01 September 2005

Radio and SB 4 news

Any pursuit of KTCT-1050 AM as the A's flagship may soon be rendered moot when Susquehanna Pfaltzgraff decides which bidder wins the right to purchase its radio properties. Bidding is open for Susquehanna Media until September 13, though the company isn't releasing any other details. The parent company, Susquehanna Pfaltzgraff, has already divested itself of its Internet consulting business, SusQtech, and its dinnerware business as well. Top suitors include Infinity, Clear Channel, Cox Radio, and Entercom. Business continues at KTCT, which is applying for the abililty to broadcast at 50,000 watts at night as well as during the day.

SB 4 continues its march through legislature. Next up is a vote in the Assembly's Committee on Jobs, Economic Development, and the Economy, which should be a breeze since the potential impact of large numbers of construction jobs makes the bill (at least within the limited context the JED&E committee works) a near no-brainer. According to the Assembly's published schedule, the next meeting for the committee is on Tuesday, September 6. That would give the bill 3 days, or the rest of the week, to pass the committee, get a vote after the third reading on the Assembly floor, then get concurrence for the amended version on the Senate floor before the end of business on the 9th. Keep in mind that the bill does not need to be signed by the Governor to become law, it only needs to pass both houses and not get vetoed by the Governor afterwards. If all of that happens, on January 1, 2006 the bill would become law.

Measuring a stadium's value just released their baseball Fan Value Index, which attempts to quantify the experience at each of the thirty MLB ballparks based on prices, amenities, and "intangibles" such as neighborhood and atmosphere.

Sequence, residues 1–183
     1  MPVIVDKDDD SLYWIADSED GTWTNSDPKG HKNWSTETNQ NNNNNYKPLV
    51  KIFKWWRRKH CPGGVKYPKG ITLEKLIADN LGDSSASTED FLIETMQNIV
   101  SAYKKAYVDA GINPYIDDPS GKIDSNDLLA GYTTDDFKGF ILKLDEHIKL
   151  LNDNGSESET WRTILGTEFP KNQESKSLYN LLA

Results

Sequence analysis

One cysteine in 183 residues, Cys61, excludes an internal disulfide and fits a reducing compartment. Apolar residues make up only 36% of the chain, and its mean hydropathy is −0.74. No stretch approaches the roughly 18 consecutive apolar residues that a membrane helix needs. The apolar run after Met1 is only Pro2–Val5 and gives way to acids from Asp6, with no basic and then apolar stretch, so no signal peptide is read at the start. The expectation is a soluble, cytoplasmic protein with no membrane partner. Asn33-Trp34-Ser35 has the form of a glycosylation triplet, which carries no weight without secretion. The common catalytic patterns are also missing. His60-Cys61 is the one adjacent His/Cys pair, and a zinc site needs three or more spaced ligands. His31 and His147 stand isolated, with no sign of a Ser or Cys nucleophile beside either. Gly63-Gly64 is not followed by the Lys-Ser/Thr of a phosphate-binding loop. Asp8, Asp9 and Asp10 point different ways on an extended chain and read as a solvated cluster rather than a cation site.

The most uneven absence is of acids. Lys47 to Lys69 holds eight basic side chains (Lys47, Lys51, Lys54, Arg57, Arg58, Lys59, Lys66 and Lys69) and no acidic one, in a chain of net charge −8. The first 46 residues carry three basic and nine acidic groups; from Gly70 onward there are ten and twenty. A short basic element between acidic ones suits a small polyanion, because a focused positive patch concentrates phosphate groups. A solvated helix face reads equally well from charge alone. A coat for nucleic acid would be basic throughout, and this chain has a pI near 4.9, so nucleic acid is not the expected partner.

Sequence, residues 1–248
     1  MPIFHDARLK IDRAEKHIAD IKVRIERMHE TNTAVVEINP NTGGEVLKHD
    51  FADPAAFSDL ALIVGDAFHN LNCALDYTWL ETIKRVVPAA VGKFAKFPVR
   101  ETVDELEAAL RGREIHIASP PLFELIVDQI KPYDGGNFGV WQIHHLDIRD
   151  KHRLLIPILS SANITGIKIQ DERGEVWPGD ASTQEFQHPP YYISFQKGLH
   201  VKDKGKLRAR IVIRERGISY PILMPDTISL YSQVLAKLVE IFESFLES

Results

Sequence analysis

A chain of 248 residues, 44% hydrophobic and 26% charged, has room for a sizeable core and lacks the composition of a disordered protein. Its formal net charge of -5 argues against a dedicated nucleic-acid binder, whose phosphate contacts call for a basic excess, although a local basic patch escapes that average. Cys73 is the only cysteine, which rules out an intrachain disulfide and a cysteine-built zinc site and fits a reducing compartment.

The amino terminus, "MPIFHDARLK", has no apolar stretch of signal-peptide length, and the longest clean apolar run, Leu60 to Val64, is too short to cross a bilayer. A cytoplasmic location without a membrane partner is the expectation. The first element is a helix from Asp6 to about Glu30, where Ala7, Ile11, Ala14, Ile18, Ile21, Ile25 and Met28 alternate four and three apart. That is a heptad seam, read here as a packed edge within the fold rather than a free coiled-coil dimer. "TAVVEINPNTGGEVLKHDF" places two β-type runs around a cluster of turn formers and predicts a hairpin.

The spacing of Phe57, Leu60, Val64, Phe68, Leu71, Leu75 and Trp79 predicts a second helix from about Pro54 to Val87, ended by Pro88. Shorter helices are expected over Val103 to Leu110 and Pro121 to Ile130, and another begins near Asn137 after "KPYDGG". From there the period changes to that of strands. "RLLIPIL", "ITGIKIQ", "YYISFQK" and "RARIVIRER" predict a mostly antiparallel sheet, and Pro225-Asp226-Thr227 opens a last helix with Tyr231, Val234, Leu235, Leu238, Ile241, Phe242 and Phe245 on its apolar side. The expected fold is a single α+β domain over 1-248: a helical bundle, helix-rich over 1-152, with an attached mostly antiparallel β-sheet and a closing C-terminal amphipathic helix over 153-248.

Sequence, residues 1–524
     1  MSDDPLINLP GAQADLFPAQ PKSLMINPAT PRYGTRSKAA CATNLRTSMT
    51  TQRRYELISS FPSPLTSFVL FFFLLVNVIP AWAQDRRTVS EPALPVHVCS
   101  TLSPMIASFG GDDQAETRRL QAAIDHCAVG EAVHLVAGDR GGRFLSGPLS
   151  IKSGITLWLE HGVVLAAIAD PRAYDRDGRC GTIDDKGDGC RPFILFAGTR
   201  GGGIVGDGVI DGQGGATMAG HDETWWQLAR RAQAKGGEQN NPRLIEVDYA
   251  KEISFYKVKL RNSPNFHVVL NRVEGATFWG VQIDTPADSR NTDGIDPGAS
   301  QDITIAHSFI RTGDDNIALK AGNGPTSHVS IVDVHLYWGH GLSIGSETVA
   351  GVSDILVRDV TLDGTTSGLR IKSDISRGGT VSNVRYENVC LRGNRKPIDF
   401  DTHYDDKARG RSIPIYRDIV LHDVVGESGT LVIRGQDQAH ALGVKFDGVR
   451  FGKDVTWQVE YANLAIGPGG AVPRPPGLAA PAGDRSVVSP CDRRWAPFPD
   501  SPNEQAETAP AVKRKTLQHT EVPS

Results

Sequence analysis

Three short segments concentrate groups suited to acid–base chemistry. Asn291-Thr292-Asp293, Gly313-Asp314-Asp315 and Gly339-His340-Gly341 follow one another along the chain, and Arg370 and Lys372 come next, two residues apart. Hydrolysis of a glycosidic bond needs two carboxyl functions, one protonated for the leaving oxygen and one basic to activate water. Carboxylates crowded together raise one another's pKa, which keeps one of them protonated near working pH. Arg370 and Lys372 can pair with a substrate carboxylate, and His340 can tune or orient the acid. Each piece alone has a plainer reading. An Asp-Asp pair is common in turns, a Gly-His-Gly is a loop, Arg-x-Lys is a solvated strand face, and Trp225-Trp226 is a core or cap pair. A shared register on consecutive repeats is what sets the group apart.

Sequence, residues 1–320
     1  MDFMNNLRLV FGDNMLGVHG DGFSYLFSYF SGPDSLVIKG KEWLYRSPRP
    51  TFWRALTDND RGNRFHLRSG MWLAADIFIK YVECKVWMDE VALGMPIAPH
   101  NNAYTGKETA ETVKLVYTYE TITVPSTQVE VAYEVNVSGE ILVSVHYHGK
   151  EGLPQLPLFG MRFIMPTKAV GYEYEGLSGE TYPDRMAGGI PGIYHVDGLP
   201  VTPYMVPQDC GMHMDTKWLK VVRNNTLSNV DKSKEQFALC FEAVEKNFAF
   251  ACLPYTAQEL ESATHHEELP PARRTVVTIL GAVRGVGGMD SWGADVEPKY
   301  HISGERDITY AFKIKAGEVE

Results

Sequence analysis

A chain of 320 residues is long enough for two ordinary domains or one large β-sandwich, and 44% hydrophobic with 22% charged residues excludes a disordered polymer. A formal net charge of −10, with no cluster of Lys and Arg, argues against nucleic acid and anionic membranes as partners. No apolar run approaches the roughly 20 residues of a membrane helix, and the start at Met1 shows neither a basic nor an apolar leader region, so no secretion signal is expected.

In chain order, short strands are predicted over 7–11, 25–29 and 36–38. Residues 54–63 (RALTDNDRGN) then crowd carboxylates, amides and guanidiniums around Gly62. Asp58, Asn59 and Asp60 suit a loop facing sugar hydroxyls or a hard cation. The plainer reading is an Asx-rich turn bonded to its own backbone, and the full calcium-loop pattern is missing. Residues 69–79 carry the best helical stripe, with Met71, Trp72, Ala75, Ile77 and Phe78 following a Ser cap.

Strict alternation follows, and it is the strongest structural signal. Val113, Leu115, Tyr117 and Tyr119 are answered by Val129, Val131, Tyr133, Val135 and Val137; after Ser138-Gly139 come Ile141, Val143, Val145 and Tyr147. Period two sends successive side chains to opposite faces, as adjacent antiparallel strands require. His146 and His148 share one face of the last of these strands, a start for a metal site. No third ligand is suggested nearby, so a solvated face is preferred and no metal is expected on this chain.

McAfee Coliseum landed right in the middle, at #15 between Yankee Stadium and U.S. Cellular Field. In giving the Coliseum a score of 40 out of 70 possible points, reviewer James Black hit the nail right on the head in one of his closing comments:
"Despite regularly producing playoff teams since the 1970s, the A's play in one of the majors' least interesting ballparks, while across the Bay the Giants' inconsistent play (at best) is rewarded with a veritable Taj Mahal."
Surprisingly, that very Taj Mahal across the bay placed 24th on the list, scoring a total of 37. The low scores came largely from inflated prices cited from Team Marketing Report's Fan Cost Index, with which I have to take some issue. It basically assumes that a family will buy the same food and souvenirs at every game, which is less likely to happen the more one goes. I can't comment on souvenirs since I don't buy them, but food prices are only slightly higher at SBC versus those at the Coliseum. A microbrew usually costs a quarter more in SF, while a hot dog is 25-50 cents more. SBC, through its pouring rights deal with Coke, has one pretty unique item not found in other ballparks: Coke vending machines. When the park opened in 2000, those 1.5 L bottles cost only $1. They've steadily gone up since then and are no longer a great deal at $3 (IIRC), but they more than did the job since they didn't have long lines and the sodas were always cold. It's an idea that should be considered for a new A's ballpark, since the overhead compared to using vendors is relatively low. No, I am not arguing for the return of the Automat, but for something as simple as a drink, there are obviously more efficient ways of selling it, and vending machines make sense.

Incidentally, the top-ranked venue this year was Miller Park, which like the Coliseum has lots of parking and plenty of walk-up tickets available. Limited public transit options knocked it down a bit, but the great tailgating experience and the amenities available in the new ballpark boosted its score. PNC Park placed second, Coors Field third, and Angels Stadium fourth (thanks to Arte Moreno's promise of reasonably-priced concessions and tickets).